Trump and the trifecta of decline

We have become a nation almost completely unmoored from its founding principles. We have become a people that has for too long sought solutions for our problems in the pockets of others. We fear the power of the one solution that once made and may again make us exceptional — our own selves left alone to pursue our happiness. Where once we embraced the concept that we rise or fall on our own merits, we instead brandish a self-serving license to blame others.

We have become a nation that operates under one tragic contradiction: We simultaneously fear and rely upon the one institution that has the sanctioned ability to take away everything from us — our livelihoods, our property, our very lives — and yet we gave it that sanction.

As a result, we have allowed our democracy become so corrupted by these powers, that we have turned to authoritarian ideas as a solution, thinking that this will only affect “them”, not us. Our contradictions and hypocrisies have made us easy prey to those who work in collusion with our rulers to keep us confused and angry. We play right into their hands.

I suppose it has become cliché to peg our country’s decline on this or that, but we have just elected a president that two-thirds of the country does not trust. How does that happen? How does it happen that we look for leaders among our lowest common denominators rather than our best and brightest? We have just elected a man that represents everything I fear: Power, privilege, and ignorance. The trifecta of decline.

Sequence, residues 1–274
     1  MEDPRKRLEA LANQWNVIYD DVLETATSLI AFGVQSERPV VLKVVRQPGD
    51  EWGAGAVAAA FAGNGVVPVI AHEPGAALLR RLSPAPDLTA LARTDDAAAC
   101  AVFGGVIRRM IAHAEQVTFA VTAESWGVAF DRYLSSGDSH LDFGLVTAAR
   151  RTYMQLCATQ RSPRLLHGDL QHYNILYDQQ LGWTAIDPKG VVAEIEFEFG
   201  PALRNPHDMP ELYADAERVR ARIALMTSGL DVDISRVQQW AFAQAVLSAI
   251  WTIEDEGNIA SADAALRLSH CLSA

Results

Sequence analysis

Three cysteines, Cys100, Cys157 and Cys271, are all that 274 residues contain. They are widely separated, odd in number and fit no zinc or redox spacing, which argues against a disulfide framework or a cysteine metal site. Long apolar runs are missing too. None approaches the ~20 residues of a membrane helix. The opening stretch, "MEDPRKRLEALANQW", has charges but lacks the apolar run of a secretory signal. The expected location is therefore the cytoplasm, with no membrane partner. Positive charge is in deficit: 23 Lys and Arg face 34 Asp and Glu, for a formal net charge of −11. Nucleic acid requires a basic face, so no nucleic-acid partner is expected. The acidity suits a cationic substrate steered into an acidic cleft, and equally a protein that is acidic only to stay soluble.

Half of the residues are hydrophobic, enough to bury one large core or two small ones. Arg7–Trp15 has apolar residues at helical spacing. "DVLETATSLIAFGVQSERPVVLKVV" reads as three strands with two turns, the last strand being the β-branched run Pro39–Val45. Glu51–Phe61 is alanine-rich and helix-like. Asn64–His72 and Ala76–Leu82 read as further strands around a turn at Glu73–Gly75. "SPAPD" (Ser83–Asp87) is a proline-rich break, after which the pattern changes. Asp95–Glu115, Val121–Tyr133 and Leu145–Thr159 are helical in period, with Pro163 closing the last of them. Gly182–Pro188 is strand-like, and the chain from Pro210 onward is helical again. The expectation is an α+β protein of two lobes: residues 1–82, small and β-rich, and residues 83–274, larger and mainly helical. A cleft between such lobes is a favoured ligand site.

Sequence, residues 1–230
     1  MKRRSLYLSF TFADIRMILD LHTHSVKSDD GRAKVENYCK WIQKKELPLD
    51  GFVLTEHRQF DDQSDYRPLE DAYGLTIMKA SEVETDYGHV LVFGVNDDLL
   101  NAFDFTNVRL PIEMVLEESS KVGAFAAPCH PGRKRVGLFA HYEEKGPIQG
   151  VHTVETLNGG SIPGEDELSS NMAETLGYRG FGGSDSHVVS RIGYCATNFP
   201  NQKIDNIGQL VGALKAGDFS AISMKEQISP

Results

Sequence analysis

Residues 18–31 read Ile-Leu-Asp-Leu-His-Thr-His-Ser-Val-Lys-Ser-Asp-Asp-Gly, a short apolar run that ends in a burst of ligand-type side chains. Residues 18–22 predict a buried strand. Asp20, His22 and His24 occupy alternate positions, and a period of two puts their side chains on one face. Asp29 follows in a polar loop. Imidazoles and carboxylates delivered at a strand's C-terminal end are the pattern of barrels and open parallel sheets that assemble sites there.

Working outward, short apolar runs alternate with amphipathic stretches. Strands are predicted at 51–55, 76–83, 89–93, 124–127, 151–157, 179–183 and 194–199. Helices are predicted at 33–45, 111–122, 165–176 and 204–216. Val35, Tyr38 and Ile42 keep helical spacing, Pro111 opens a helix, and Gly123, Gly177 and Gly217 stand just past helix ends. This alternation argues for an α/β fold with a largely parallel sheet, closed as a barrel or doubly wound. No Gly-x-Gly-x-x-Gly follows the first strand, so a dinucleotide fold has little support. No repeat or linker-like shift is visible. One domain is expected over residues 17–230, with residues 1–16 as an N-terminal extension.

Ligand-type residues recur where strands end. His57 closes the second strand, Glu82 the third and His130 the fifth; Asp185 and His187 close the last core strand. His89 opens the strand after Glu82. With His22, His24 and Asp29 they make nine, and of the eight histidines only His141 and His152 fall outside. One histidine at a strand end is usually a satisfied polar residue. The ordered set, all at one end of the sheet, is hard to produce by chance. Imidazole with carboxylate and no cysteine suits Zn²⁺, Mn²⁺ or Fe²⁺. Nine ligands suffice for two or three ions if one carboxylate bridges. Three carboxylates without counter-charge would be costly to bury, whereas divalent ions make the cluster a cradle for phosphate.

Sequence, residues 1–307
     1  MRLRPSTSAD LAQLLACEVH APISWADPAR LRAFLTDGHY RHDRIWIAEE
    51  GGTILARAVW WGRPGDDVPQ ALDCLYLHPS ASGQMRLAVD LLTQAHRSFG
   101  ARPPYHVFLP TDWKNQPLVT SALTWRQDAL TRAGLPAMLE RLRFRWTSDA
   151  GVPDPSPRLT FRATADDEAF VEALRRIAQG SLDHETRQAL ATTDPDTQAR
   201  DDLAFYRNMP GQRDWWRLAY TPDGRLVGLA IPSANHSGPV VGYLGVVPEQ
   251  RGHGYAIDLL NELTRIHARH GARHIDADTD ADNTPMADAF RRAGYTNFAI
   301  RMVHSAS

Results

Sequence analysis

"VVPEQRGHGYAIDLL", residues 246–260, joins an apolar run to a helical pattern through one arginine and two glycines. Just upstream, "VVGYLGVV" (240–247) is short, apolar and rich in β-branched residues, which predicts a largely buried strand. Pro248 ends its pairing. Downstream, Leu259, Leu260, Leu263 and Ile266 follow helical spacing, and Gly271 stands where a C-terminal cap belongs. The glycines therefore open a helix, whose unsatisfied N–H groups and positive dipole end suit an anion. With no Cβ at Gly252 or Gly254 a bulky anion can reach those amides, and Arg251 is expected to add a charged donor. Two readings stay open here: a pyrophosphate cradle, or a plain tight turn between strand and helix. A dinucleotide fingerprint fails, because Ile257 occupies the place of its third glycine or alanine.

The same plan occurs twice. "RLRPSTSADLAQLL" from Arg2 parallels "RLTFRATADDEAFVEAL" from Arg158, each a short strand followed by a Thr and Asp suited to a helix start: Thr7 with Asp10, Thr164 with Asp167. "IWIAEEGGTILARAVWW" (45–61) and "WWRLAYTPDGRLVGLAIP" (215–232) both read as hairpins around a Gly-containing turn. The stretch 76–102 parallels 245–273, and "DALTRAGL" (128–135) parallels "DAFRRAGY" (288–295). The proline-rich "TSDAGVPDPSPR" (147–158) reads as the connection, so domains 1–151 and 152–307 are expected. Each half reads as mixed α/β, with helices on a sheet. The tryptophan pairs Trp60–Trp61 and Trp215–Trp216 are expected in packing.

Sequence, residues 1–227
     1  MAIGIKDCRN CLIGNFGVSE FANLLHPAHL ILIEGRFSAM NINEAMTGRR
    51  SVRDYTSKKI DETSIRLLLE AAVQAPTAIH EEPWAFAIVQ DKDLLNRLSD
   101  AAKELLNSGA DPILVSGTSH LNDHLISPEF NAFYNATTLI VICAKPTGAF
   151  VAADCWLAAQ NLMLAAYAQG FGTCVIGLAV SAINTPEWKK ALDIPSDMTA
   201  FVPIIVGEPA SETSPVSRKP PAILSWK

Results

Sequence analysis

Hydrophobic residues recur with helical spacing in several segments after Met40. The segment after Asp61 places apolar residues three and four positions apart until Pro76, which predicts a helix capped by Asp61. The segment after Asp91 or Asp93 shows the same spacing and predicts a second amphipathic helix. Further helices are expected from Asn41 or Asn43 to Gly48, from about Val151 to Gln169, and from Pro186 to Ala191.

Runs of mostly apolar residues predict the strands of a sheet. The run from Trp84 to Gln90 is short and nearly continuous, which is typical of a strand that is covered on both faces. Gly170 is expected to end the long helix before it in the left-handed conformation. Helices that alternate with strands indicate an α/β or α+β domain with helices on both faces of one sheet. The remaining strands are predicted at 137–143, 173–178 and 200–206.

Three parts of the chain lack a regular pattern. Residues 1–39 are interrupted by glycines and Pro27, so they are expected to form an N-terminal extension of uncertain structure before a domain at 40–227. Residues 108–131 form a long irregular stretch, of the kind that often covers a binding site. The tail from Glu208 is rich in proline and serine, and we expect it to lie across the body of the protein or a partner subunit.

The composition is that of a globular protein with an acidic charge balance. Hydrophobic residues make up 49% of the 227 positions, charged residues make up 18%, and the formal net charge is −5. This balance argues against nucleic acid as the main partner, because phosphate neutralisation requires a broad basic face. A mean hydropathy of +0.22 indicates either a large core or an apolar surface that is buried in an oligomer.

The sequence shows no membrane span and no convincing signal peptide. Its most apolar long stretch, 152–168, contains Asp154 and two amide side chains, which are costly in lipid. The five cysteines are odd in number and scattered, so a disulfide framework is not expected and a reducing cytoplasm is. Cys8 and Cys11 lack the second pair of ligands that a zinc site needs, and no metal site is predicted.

It happens because we forget, and because we seek the easy solution that starts with abandoning our own responsibilities. We don’t believe that we rise and fall on our own merits, and the resulting discourse has become a cacophony of finger-pointing. How, we ask ourselves, can we make our government force the other guy do the right thing?

Until we wake up, open our eyes, and see the real reasons for our failures, it will get worse. We can bitch and moan all we want about corporations, rich people, Mexicans, and whatever, but at the end of the day, it’s just us in that voting booth. We should use that vote as an affirmation of our principles rather than a weapon against someone else’s.

Every time I think this country has turned a corner and corrected itself, I find myself profoundly disappointed. I have considered myself an informed and principled citizen for my entire life. I resisted becoming saddled with pessimism, but I know as a student of history, when your society begins to reject reason and intellect, only tragic outcomes result.

The best years of my life lay behind me, so I look at my daughter, and all I can do when she asks “why” is shrug my shoulders. “Sorry, kid. I tried.”